We'll recalibrate the old geomapping or geofencing thing and then calibrate it for that particular location. And then you can go work there. Right? Unlike those that use it for fraud, those ones need to move around very often. But why would somebody that is not doing anything fraudulent want to move from working?
Do agents in sri laureate today and tomorrow they are going to another you.
[00:30:02] Speaker B: Assuming that it takes them a short period of time to move. That's one. Two. A POS agent today has at least two. Not all, but most of them have up to two. So if they have two, what stops them? If someone really wants to defraud you, right? I have to invest in my business. And what stops me from getting ten pos machines and spreading them across? Now I don't believe that fraud networks are just one person acting alone. It's probably going to be a network. So they are going to be in several locations. You deactivate them, they get a new one. Right. So what it probably would do is just knowing that, okay, this happened within this location, but the exact pos I don't know how they want to do it, but except you can pinpoint the exact pos that did this because here's what happens. I come to this shop and I don't see you tomorrow. Like I come here today, I see you, tomorrow I come, I do not see you.
It's not going to be like one house that you stay in. Don't forget that it's not one house you can be. Okay. What if they say oh, ikeja keja is so big that one day I'm in Gre, the next day I'm in Ireland, the next day I'm wherever. So the person has like room and yes, it will restrict, it would put a little barrier, but I think that largely it won't do much because, okay, first of all, how many? We don't know the proportion of Pos fraud that is committed by people who have to move around a lot. We know that what some of these people do is they clone your card and your details. We also know that another part of PoS fraud is just where someone uses your card to make a withdrawal. Someone that has your details, probably a family member or something, uses your card to make a withdrawal. Some of them may not even be fraud. Fraud like what I just described. Let's say you have a sibling, the person picks up your card, they don't tell you.
[00:32:06] Speaker A: Is it fraud?
[00:32:12] Speaker B: Fraud has levels, but the person does that. Then we also have where someone actually gets your details fraudulently. Maybe your phone is stolen or something. And then they get your details and then they go ahead to do that. So except the majority of the fraud is done by people cloning your bank, your card details. If that's not the case, this may just solve a little problem.
[00:32:41] Speaker A: What you are talking about is a possible way to stop fraud, but as if it's the only thing you are suggesting. Meanwhile, there are many channels through which this fraud.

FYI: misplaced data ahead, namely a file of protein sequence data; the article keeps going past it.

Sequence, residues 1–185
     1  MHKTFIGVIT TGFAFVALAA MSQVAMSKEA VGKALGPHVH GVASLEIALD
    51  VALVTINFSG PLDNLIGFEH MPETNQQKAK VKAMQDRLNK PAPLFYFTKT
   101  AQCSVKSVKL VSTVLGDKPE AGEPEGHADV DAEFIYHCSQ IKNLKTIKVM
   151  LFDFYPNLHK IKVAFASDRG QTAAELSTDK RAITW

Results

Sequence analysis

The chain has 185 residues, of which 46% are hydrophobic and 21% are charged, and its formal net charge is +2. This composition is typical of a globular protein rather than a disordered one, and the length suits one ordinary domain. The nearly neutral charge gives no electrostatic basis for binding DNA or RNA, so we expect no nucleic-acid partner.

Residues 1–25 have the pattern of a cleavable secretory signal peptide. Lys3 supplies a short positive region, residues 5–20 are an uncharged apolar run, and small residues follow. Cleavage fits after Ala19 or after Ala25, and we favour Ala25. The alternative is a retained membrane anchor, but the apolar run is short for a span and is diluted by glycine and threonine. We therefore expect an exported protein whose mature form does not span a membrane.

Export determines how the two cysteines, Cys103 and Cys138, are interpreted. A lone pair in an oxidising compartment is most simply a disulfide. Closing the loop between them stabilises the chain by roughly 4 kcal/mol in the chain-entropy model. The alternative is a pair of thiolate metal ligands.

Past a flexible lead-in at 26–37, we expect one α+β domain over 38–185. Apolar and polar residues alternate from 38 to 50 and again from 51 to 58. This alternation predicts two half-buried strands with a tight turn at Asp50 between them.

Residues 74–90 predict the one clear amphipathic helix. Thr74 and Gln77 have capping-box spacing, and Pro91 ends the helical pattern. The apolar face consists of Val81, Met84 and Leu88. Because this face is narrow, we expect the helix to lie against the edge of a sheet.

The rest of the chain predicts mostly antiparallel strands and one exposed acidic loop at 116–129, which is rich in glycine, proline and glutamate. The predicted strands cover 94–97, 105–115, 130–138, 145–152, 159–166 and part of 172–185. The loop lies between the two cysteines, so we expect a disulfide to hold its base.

So it's not a problem. But what you are looking forward to is implementation. How do you want to implement this? CBN needs to be giving us information to know how they want to do this so that we can pass it to the people that are doing the POS terminal, that are using the POS terminal so that they will know how to prepare themselves. So we need more information on how they plan to do this recertification. Let them not do registration and also find a way to implement it so that it will be mainstream, it will touch everywhere and it is until they are able to do that before we can check how useful it will be or how much fraud it is going to stop. So we are looking forward to that. To CBN please, among other things do yeah, yeah. We've come to the end of what we are yet to discuss today. There are other news things that happened. Things are always happening in the african tech space and you can trust Techwind Africa to report them. So you can go to our website and stay up to date with every news that everything that happened in the african tech space this week and even in previous weeks, you find them there. Don't forget, if you have anything to say to us, a feedback, a comment, a question, you can send us an email at podcast at Techpoint Africa podcast at Techpoint Africa. We will be looking forward to your feedback. Don't forget our newsletters that are currently running and if you're listening to us on either Spotify or Apple Podcast, don't forget to leave us a review so that more people can know about the Techpoint Africa podcast. Also drop a question if you have any there. We'll get to it and we'll answer you. You can also listen to us on Google Podcast or any other platform. You listen to your podcast this Friday. I mean tomorrow there will be another edition of Pitch Friday and for this we are bringing a player, an experienced player from the ELT tech space and it would be answering different questions around the business of startup running a startup. The person of Dr. Neto Ikpeme, please don't forget to attend. It will be Odin at the zone Ten Park Zone tech park at Bagada. Thank you for joining us for another episode of Techmen Africa podcast and we'll see you in the next one. Bye.